Writing a Resume? Six Tips to Get You Started

by Admin on July 22, 2012

The toughest part of any project is getting started. This is especially true when it comes to writing a resume. For a long time professional, organising your entire work history into one or two pages of effective summaries can be a challenge. It’s equally daunting for students and those of us who are changing careers, facing the demanding task of finding key selling points without strictly relevant experience. Either way, preparation is the crucial first step to writing a dynamic, effective resume and here are some vital tips to help get you on your way.

Experienced pro looking for a new job? Write a chronological resume.

Choosing the type of resume you’ll write is the first thing to do. The two most common types are chronological and functional. A chronological resume is best suited to workers who have experience in a given field already and are looking to change jobs. Work experience is the main selling point of this type of resume and is highlighted first. Jobs and their related accomplishments – more on accomplishments later – are listed in reverse chronological order with the last job first and so on. This puts the most relevant, important information “above the fold” as they say in the newspaper industry.

First job or changing careers? Write a functional resume.

A functional resume is a different type of C.V. It is geared toward students and job-changers, so it puts the focus on relevant abilities instead of experience. The goal here is to show skills you have acquired as a student or as an employee in a different field, and how the abilities and knowledge gained can carry over and translate into the job you’re applying for. A functional resume will start with a section called “relevant skills,” “highlights of qualifications” or something similar, since this is the most important information a job-changer or student can communicate in this situation.

Is your email address professional?

Not every tip here will be very involved or Earth-shattering. But they’re all important. You’ll be listing your email address among your contact data on the resume. Do you have a professional-sounding address? Teddybear25@mailmail.net is not going to get hired for an important job, so if your email address doesn’t pass muster, then sign up for a new one with any of the free online email services or find out if your Internet service provider can give you a new one.

Understand you’re writing a new resume each time

The main reason many job seekers aren’t called in for an interview, outside of lack of qualifications, is that they didn’t write a targeted resume. Instead, these prospective employees fired off a generic, catch-all C.V. to every job opening. Sure, it’s easy to just keep a general-purpose resume on file and send it out straight away. It’s also ineffective. This is going to be hard work, but you are going to have to write a new resume every time. Companies don’t want general information about you. They want to know specifically what you can do for them. Generic resumes leave it up to them to decide if your experience and skills meet their needs. Tell them that they do instead.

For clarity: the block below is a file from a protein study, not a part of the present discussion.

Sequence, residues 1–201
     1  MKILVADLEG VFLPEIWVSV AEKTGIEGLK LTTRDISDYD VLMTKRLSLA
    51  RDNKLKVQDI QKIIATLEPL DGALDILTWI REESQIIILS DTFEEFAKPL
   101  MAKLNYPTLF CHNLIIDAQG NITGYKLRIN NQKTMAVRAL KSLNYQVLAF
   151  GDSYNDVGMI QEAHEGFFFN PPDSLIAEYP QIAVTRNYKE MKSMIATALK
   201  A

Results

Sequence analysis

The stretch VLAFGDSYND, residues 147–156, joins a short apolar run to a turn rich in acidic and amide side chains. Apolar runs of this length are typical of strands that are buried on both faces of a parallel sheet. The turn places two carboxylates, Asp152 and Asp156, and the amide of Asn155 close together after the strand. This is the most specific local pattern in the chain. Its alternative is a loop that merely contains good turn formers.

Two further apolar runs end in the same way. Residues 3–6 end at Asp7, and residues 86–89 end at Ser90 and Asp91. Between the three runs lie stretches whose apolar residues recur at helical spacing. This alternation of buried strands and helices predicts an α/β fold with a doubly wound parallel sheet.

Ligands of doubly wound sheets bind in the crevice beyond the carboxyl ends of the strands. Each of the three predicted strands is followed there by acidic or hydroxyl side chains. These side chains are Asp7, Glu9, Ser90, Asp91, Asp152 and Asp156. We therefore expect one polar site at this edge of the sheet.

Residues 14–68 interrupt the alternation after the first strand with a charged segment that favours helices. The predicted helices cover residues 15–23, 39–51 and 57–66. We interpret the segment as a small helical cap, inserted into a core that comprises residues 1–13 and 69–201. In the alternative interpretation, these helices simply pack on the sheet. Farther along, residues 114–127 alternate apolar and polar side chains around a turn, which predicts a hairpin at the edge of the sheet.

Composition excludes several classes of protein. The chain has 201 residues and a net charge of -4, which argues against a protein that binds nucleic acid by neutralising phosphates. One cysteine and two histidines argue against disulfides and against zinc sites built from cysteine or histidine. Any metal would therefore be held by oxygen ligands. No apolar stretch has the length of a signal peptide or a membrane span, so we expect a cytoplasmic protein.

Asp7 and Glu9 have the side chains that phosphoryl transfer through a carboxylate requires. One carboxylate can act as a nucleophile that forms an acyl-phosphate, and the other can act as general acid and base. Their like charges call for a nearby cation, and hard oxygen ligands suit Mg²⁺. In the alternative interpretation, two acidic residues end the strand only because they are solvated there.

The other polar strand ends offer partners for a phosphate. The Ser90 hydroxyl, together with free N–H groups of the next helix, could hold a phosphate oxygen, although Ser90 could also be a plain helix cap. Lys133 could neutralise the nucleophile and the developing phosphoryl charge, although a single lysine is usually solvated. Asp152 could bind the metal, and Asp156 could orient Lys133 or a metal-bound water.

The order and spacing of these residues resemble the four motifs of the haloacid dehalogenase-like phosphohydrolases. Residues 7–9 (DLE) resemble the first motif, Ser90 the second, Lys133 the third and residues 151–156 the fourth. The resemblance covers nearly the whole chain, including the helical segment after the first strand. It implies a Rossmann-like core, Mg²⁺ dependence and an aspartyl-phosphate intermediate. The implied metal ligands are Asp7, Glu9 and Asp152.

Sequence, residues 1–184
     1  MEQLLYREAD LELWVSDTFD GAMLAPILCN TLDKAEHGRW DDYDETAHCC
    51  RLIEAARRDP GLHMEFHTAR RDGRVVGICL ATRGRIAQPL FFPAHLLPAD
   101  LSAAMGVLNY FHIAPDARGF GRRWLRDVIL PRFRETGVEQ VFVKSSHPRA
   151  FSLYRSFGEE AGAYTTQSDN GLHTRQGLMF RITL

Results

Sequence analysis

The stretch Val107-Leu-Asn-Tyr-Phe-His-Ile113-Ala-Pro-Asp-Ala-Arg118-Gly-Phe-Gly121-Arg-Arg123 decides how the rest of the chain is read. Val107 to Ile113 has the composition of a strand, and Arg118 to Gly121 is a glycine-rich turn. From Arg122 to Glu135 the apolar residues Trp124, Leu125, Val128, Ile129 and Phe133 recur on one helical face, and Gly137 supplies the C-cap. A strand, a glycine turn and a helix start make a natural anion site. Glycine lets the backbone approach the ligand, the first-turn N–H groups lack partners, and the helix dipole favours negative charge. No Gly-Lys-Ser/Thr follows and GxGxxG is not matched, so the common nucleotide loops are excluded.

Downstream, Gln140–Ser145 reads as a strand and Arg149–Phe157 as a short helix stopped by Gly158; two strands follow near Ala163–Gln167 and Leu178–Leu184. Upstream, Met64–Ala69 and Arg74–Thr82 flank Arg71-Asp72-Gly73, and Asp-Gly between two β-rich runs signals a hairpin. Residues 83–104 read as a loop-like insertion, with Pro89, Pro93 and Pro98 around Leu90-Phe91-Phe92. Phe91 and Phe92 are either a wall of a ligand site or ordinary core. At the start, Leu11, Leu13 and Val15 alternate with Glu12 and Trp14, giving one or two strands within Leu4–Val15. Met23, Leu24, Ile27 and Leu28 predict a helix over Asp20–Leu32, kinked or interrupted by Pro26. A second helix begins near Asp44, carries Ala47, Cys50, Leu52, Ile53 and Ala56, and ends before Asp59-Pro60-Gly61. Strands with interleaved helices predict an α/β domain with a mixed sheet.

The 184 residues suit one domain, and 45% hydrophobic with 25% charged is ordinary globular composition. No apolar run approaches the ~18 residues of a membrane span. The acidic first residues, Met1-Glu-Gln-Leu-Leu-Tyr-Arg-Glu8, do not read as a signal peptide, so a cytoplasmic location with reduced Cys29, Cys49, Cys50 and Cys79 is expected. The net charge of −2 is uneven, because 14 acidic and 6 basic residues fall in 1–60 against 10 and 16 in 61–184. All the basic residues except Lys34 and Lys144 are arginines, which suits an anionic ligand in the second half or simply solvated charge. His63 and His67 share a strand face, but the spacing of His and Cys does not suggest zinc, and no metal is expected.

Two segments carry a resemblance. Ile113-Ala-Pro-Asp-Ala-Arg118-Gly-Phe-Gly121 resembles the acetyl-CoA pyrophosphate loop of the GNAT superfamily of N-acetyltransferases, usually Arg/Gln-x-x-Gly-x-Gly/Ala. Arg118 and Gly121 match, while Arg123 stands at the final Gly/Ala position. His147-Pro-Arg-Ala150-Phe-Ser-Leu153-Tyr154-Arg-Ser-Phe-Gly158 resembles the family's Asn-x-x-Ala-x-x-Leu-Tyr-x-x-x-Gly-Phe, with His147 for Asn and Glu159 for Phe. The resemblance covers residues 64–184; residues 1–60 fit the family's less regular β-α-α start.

Do you need an objective?

The need to list a career objective on a resume is an oft-contested point. Some say they’re irrelevant and just get in the way of the reader getting to the relevant information below. Others consider a career objecting a vital piece of the package and a major selling point. The truth is in the middle. An objective can go a long way to selling you to the employer, but you must have something significant to say. If this job meets a long term or even short term career goal, then it’s a very good idea to spin that into an effective sounding career objective. It can make you sound like a determined, goal-oriented performer. On the other hand, if this opening doesn’t exactly match your goals or you really haven’t formulated career objectives yet, don’t just make something up. In those cases, just leave the career objective out.

Accomplishments, not duties.

Far too many of us write our work history in bulleted lists of past duties. This is a bland way to write a resume and passes on the opportunity to truly show what you can do. With this in mind, you need to list achievements instead of duties. For example, which sounds better?

“Head engineer in charge of call centre telephone system.”


“Research and implemented new telephone system that increased call centre efficiency, saving the company $25,000 annually.”

The first is passive, boring and fails to get across what an effective, valuable employee you are. The second is a fine example that specifically lists a concrete accomplishment. Who would you rather hire?

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